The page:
Not Flawless Please
January 17, 2012 § 3 Comments
When I tell people what I do, I often wonder what goes through their mind. “Oh, you make jewelry!” they say, “I love jewelry!” I don’t get excited anymore. Most people think of traditional diamond and colored gemstone pieces that are sold in department stores. Not that there’s anything wrong with that (insert Seinfeld credit here). I have come to terms with the fact that not everyone will like what I make, or “get” it. First, I don’t make anything that you would find in, say, Zales. I like rocks, but, I like them bigger and with scars: fractures, inclusions, imperfections. Stuff that shows personality. I have my personal “rock” favorites, and they usually don’t look anything like the “rock” that most would visualize. Take garnets for example. In particular green garnets. (FYI: garnets come in practically every color, except maybe blue, and there are a wide variety of garnets, including green garnets). When you mention “Green Garnets” to someone I think this is what goes through their mind:
When I think of “Green Garnets”, I make this:
If you go to Zales, they’ll show you these:
I like opaque “damaged” looking rocks, semi transparent rocks, and the ones full of inclusions. That’s just me.
Last spring, I had to go to New Jersey to attend a funeral. We were a 45 minute train ride outside of New York City. I had bought some really cool “rutile amethyst” from a NY gem dealer when I was in Tucson last year, and decided to look him up while I was in the area and see if he had any more. You’d think this would be easy right? Well, it turns out this man’s gem business is his “side” business. “That’s OK” I say,” bring some stuff and meet me on your lunch hour”. To make a long story short, that wasn’t going to work for him, so: I meet him at Grand Central Station and we take a bus for over an hour to his house (also in New Jersey, but on the OTHER side of NYC). It was an interesting experience. Most gem dealers are from other cultures and this adds to the exotic side of the business, which I personally love.
Here’s what happened:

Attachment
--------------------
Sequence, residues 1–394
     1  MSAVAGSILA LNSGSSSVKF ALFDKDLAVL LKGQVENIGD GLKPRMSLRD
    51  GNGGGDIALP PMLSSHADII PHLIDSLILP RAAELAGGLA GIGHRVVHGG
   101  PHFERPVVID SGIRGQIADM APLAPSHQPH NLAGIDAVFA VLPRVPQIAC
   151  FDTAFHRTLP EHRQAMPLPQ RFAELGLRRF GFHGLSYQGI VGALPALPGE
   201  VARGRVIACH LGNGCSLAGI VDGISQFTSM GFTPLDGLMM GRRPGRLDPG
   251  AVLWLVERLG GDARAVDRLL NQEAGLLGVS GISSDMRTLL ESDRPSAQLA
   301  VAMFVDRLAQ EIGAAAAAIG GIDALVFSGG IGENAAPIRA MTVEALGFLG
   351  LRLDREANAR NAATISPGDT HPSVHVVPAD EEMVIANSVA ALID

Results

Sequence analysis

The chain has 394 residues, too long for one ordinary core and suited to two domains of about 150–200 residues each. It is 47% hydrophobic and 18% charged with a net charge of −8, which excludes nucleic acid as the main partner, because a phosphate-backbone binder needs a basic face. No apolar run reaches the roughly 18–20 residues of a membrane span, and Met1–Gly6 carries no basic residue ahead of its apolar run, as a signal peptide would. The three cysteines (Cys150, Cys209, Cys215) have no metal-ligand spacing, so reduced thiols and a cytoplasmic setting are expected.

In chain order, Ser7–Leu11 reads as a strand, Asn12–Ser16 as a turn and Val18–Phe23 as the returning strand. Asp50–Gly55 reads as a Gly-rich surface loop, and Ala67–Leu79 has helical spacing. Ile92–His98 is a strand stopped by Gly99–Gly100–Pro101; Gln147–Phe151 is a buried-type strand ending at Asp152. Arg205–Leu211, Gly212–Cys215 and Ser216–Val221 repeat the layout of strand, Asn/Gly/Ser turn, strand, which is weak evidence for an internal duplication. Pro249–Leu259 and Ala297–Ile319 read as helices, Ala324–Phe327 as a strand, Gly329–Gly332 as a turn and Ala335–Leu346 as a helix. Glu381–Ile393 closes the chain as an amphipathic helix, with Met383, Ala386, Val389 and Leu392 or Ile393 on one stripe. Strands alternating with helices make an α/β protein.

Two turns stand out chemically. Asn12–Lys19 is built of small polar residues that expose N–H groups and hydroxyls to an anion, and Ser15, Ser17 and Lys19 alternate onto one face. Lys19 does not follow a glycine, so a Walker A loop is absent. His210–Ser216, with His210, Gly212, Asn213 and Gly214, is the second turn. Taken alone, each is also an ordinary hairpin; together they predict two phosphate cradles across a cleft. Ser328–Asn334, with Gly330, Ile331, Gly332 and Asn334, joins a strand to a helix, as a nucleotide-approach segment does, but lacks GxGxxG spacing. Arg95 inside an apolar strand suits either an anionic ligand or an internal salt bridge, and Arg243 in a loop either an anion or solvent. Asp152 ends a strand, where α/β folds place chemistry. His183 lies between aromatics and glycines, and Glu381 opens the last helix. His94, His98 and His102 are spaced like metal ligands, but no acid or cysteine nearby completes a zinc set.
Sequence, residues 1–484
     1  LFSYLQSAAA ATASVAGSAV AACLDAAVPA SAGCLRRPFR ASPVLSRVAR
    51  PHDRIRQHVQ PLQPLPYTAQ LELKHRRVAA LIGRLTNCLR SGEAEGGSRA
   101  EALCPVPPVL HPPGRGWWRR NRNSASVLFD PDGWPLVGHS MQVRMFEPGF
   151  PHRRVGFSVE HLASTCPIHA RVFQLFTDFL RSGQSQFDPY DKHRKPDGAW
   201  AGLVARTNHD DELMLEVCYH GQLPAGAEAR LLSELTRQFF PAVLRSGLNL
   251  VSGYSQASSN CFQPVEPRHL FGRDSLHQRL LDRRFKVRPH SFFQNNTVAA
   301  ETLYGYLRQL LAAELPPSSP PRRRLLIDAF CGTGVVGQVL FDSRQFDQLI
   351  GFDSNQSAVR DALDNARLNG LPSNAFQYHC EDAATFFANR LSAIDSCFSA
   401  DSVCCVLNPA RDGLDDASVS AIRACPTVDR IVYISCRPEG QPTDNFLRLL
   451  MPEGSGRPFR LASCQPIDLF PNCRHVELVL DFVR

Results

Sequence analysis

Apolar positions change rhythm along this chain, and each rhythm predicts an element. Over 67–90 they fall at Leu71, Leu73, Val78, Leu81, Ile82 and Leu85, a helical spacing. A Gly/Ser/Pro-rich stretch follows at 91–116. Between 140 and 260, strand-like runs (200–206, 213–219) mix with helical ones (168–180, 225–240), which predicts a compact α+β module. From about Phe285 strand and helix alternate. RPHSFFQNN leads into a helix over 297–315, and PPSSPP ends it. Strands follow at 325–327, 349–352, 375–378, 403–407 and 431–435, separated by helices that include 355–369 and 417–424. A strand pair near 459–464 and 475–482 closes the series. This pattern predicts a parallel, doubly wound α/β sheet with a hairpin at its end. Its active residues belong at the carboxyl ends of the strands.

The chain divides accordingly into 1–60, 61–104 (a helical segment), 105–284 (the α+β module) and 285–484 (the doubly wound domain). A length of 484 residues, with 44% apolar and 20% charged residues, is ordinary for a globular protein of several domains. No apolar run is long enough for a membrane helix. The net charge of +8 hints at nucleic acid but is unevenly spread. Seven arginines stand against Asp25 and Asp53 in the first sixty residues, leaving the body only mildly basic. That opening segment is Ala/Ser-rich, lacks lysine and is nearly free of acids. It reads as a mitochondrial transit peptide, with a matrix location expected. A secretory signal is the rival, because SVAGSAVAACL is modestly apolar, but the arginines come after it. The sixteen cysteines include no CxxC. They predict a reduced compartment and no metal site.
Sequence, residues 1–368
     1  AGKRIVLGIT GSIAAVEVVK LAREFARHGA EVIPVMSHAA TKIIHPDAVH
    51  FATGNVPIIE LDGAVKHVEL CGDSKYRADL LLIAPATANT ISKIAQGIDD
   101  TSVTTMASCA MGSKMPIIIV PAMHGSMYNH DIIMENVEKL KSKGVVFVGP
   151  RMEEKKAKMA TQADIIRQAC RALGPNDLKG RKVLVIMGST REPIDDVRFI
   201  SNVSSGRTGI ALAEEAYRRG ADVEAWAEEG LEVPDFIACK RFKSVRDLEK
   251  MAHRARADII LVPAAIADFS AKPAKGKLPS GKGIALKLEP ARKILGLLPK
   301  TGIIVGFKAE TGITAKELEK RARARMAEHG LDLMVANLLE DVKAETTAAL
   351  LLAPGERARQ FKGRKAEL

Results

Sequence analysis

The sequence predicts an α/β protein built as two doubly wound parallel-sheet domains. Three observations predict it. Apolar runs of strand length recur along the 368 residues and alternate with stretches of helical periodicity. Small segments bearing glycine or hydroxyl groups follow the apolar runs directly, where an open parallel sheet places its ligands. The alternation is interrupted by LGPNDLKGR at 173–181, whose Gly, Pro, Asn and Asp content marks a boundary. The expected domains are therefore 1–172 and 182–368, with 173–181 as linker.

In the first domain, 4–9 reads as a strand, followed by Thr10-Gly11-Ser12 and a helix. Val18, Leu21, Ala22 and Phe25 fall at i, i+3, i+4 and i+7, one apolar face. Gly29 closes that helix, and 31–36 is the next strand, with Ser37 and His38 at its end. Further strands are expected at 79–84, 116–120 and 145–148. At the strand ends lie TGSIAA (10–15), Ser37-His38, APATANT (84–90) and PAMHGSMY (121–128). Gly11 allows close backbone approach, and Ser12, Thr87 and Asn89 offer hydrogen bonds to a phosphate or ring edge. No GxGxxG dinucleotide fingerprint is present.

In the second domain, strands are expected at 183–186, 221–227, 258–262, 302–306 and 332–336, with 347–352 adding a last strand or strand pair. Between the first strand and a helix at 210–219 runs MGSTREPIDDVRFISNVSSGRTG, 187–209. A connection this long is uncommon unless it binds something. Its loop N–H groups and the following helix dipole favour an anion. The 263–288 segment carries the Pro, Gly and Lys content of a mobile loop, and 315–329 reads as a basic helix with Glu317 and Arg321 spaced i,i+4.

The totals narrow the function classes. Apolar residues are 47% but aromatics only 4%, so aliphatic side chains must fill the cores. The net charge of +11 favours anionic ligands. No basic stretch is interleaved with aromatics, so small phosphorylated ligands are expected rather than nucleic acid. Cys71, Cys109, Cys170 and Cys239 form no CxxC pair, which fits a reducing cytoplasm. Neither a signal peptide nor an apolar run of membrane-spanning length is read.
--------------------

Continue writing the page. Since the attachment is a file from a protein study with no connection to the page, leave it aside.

We arrive at his house, in a nice suburban area. The house is spotless and minimally furnished. We are greeted by his in-laws (who speak no English). They are watching a “Bollywood” movie on a big screen TV. I wait while they get their inventory together. I am invited upstairs, where, in the daughter’s bedroom, a white sheet has been placed over the bed, and I sit down (lotus style) on her bed, and am presented with plastic shoe box after plastic shoe box filled with gemstones. Most of which should just be bought by Zales. “Where is the rutile amethyst?” I ask. They can’t get anymore, it’s rare, hard to find. “Well what about some flawed Apatite? Or Iolite?” (Now I’m essentially wailing). Flawed? This is taking them by surprise. Why would I want flawed gemstones? Because the other stuff looks like plastic to me. Because I love this:
They think I’m crazy. I buy a few things (not much) for extra ornamentation with the really cool rocks that I am hoarding, or looking to find. And then: a two hour trip back to the other side of NYC.
Now to be fair, rutile quartz and amethyst are not considered to be flawed gemstones. They just have the look I’m going for. Technically the rutile is considered an “inclusion” which is a term used to describe flaws.
Here’s what I made with the three pieces I was able to score when I met my man in Tucson:
These earrings are available at my etsy shop. Fair warning: They are NOT for the faint of heart!! They hang a good 3+ inches and are more in the “investment piece” $ category. (http://www.etsy.com/listing/80035000/rare-rutile-amethyst-green-amethyst-and)
This piece (above) is now owned by one of my favorite people, courtesy of her husband. They know I’m wacky, and I love them because they don’t care.